In late spring, National Aquarium staff joined its partners from the Waterfront Partnership Baltimore, Biohabitats, Living Classrooms Foundation, Blue Water Baltimore, and Irvine Nature Center to launch another 2,000 square feet of floating wetlands into Baltimore’s Inner Harbor. This project is part of the Healthy Harbor Initiative, a regional effort to make the harbor swimmable and fishable by 2020.

Wetlands installed in their new home

Wetlands installed in their new home.

40th Anniversary of Clean Water Act

This year marked the 40th anniversary of the federal Water Pollution Control Act – the nation’s first law for protecting our most precious, irreplaceable resource. Arguably, no environmental legislation has had as much of an influence on our daily lives and health. Thanks to the Clean Water Act, huge strides have been made to protect our health and the health of the environment.

Shoreline Restoration at Indian Head

ACT! spent most of June and October at the Naval Support Facility (NSF) Indian Head and Stump Neck Annex (Indian Head, MD). Volunteers planted 45,897 native wetland grasses along the Potomac River, restoring more than 4,000 feet of shoreline! The Aquarium has partnered with NSF Indian Head since 2008, restoring sections of shoreline each year.

Our Commitment to End Shark Finning

National Aquarium, along with our partners at the Humane Society, Oceana, and the National Wildlife Federation, has been a leading supporter of legislation in Maryland to hinder the market for shark fins by prohibiting their possession and sale. Similar to making the trade of elephant ivory illegal, such legislation would ensure that shark finning and unsustainable fishing practices are not tolerated. We hope that 2013 will see an international commitment to protect these amazing animals.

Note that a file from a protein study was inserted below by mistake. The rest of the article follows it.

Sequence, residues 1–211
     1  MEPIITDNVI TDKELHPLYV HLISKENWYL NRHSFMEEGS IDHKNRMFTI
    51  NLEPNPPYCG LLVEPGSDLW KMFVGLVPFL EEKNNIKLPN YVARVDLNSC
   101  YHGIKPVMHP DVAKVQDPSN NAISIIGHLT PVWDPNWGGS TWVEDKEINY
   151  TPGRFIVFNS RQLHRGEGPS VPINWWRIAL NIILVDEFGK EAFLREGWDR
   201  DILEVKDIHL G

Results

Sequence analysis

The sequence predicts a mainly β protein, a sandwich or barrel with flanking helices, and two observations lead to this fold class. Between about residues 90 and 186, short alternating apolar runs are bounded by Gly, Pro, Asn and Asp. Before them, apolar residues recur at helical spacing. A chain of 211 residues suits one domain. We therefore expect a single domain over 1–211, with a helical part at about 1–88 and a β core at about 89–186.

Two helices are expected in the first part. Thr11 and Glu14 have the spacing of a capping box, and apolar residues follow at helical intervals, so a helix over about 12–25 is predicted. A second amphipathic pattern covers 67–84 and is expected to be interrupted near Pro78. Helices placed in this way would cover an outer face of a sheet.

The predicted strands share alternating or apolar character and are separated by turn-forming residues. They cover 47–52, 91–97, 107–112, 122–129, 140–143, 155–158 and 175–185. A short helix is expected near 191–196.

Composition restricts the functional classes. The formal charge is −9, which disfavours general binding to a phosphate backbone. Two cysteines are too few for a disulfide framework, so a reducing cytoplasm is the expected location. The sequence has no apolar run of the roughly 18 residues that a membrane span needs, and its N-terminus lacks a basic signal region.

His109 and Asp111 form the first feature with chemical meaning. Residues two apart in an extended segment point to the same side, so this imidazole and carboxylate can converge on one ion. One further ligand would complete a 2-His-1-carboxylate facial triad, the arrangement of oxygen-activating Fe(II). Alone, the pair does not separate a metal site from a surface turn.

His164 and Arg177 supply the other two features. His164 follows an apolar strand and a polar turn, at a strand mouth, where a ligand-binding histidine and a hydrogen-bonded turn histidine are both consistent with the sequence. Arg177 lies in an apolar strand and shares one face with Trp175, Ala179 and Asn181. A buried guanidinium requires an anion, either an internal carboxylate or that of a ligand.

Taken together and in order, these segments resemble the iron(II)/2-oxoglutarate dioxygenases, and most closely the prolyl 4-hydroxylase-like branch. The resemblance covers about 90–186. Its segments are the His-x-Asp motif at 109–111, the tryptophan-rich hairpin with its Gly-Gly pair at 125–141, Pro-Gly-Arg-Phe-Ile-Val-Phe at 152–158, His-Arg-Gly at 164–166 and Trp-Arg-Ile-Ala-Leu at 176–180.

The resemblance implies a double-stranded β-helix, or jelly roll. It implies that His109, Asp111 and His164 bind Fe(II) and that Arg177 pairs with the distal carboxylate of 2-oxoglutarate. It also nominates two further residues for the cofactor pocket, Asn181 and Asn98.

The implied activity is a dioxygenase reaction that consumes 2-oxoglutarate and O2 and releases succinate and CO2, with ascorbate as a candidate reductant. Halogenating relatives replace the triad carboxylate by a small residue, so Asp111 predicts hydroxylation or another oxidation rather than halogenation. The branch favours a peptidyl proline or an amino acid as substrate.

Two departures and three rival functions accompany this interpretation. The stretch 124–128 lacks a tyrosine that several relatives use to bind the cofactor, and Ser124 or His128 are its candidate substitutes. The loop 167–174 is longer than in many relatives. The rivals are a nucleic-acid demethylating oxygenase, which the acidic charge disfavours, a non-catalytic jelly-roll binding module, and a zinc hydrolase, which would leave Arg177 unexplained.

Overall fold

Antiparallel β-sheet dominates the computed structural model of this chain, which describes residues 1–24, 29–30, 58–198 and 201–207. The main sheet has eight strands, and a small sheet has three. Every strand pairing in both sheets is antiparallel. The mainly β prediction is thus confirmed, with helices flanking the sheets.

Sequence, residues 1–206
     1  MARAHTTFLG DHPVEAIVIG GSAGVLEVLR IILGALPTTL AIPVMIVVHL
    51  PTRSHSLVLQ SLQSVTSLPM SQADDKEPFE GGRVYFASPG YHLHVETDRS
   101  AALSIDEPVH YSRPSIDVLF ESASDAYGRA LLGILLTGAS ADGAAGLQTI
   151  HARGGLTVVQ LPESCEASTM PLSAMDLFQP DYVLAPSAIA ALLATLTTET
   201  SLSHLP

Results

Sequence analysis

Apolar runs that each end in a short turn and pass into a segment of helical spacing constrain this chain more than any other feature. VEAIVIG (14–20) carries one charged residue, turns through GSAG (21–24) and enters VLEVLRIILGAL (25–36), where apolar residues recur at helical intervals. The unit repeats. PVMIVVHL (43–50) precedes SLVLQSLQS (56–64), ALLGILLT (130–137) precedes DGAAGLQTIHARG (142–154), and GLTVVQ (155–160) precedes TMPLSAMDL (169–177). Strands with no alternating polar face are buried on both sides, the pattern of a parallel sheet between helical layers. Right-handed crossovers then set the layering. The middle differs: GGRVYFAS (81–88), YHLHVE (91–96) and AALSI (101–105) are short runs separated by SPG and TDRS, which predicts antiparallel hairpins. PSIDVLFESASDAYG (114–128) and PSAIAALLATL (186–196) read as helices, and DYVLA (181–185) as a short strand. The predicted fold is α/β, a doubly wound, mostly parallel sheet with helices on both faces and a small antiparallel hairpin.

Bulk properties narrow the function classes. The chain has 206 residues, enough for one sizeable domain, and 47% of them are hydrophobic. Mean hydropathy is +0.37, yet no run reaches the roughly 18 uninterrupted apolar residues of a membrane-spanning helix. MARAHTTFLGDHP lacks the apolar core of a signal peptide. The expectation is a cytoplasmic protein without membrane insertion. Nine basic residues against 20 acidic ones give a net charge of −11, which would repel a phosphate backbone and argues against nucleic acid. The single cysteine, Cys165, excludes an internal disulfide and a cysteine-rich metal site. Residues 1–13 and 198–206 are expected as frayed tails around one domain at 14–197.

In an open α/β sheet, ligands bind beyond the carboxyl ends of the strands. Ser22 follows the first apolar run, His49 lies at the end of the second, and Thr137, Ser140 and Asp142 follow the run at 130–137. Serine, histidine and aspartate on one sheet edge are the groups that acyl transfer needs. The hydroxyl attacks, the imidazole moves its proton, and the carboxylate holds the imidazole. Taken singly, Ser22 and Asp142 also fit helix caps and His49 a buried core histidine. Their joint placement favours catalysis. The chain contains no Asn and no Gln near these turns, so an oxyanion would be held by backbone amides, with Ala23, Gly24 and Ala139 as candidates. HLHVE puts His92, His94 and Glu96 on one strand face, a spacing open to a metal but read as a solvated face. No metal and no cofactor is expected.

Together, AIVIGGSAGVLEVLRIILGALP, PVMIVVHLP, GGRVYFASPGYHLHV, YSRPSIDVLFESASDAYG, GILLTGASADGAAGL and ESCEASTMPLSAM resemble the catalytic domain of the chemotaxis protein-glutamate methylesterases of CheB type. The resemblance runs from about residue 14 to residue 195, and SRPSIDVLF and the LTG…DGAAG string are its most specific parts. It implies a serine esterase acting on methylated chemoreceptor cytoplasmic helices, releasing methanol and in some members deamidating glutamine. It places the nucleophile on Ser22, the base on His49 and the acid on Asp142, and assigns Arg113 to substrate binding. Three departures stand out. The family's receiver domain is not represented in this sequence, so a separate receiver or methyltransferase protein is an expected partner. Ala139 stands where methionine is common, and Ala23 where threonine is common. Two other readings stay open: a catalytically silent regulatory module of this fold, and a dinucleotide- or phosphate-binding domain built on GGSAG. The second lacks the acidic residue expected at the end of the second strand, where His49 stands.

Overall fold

Our research team tags sharks off the coast of Ocean City every year to gather data on migration and abundance!

Our research team tags sharks off the coast of Ocean City every year to gather data on migration and abundance.

Menhaden – A Big Step Forward for Little Fish

Earlier this month, the Atlantic States Marine Fisheries Commission made history by voting to limit the catch of this crucial species of fish, the menhaden, by 20 percent. Commonly referred to as “the most important fish in the sea,” menhaden serves as a critical food source for much of the wildlife in the Atlantic’s marine ecosystems. By putting a catch limit on these fish, the ASMFC gave conservationists hope that enough fish can stay in the water to fulfill their ecological role.

Although it is important to take the time to celebrate 2012′s accomplishments, we know there is still much work to be done to preserve and protect our oceans and our planet. We hope you’ll join our efforts in the new year! To find out how to get involved, visit aqua.org/care.


Sign up for AquaMail

Twitter Updates


Follow

Get every new post delivered to your Inbox.

Join 236 other followers